Good advice for B.C. from Dobbin & the ghost of Tommy Douglas

I don’t always agree with Murray Dobbin, but this…

In Saskatchewan where I come from, Tommy Douglas and the CCF (the precursor of the NDP) won power in 1944 in a province totally dominated by a Liberal, pro-business party machine for decades. It won a landslide victory in a media atmosphere of absolute hysteria (headline: CCF will seize farms), fear-mongering and blatant lies. The CCF held power for 20 uninterrupted years. How? It started out as a movement and retained that character for many years afterward. It was deeply rooted in community. People felt ownership of it and its policies and out that came government programs that met the expressed needs of the people. And that, in turn, brought enormous trust in government.

…strikes me as excellent advice. Voter turnout across the country is plummeting. This may be, as some suggest, because Canadians are “lazy” or “complacent”. But I have always suspected that it’s something more serious. People are losing faith in the system. They are voting by not voting. Particularly amongst young people.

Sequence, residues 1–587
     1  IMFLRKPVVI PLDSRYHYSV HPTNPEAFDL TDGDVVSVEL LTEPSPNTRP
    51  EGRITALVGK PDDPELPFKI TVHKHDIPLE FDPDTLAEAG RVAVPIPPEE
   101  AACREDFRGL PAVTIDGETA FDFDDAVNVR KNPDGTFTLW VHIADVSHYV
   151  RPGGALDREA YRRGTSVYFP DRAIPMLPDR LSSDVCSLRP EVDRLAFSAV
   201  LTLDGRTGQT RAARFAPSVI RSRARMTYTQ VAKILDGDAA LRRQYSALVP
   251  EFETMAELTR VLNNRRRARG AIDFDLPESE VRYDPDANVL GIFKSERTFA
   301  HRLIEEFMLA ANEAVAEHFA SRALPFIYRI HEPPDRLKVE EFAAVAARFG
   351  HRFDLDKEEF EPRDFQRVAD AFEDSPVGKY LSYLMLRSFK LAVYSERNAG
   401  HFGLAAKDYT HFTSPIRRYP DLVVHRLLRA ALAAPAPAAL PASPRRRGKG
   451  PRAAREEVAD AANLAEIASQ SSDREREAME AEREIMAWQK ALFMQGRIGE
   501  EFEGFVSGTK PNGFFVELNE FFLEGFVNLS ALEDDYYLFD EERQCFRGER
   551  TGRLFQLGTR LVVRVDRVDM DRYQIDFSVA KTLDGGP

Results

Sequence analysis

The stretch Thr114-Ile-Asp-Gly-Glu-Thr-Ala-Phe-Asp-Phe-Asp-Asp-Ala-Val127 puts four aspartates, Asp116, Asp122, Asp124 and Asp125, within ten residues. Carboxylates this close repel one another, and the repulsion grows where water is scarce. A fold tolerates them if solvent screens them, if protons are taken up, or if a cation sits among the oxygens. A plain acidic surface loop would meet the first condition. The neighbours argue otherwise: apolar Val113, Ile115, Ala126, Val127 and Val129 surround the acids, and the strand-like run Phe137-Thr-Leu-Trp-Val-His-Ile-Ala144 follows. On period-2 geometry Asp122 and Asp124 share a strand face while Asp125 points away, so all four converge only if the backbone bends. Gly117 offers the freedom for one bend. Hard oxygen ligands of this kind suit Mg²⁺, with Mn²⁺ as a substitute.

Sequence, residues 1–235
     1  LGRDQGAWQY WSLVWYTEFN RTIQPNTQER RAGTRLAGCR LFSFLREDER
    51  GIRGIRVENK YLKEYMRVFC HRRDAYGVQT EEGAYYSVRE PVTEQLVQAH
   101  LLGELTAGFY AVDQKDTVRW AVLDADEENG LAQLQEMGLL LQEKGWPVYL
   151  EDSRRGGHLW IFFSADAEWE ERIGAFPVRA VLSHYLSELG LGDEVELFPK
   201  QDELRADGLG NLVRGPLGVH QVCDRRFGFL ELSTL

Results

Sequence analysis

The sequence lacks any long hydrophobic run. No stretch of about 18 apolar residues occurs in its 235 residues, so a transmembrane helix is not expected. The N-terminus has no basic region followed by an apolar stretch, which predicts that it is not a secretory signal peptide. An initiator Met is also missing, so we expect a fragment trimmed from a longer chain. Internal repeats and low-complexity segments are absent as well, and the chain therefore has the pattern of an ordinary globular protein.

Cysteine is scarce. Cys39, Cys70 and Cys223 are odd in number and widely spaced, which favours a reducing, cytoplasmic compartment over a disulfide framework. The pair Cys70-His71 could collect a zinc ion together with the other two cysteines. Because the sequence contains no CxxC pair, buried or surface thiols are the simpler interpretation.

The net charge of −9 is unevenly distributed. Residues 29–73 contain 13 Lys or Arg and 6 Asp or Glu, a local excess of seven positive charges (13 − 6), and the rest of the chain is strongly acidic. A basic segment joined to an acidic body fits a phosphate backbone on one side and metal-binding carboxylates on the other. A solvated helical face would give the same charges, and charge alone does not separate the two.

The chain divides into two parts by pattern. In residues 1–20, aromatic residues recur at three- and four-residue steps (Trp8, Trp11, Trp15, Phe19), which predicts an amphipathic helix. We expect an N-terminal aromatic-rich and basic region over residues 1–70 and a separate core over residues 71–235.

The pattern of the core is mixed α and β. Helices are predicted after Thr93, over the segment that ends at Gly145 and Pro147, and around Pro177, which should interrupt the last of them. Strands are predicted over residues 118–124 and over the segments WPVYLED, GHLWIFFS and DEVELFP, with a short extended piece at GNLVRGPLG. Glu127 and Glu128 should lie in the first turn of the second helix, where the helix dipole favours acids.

However, if there’s anything the last few years have shown – from Occupy/Idle No More/Casseroles/Maple Spring is that there are a lot of young people who do care and who will get politically involved.

Ordinary people don’t need a political party right now. Perhaps they need a movement, one they own.


One comment

  1. Norman Farrell

    I too don’t always agree with Murray Dobbin. I seldom do.

    Is it possible today for a political organization to be deeply rooted in the community rather than in special interests? In days of Twitter and Facebook, perhaps not in ways that are more than superficial.

    The NDP is rooted in the labour movement and, beyond public services, that’s a segment grown significantly less relevant in the last two decades. Many of us wish that were not true but wishing doesn’t make it so. I grew up in Powell River when thousands of union workers earned good livings (and good retirements) in the pulp, paper and lumber mills. There were good wages, strong apprenticeship programs, employment for young people in post-secondary schooling, aid to programs in sports, music, arts and other elements that create vibrant communities. Modern corporations pay allegiance to quarterly reports and care little of the long term.

    Is the NDP willing to evolve or must they be replaced by a political party that represents ordinary citizens. We’ll know soon.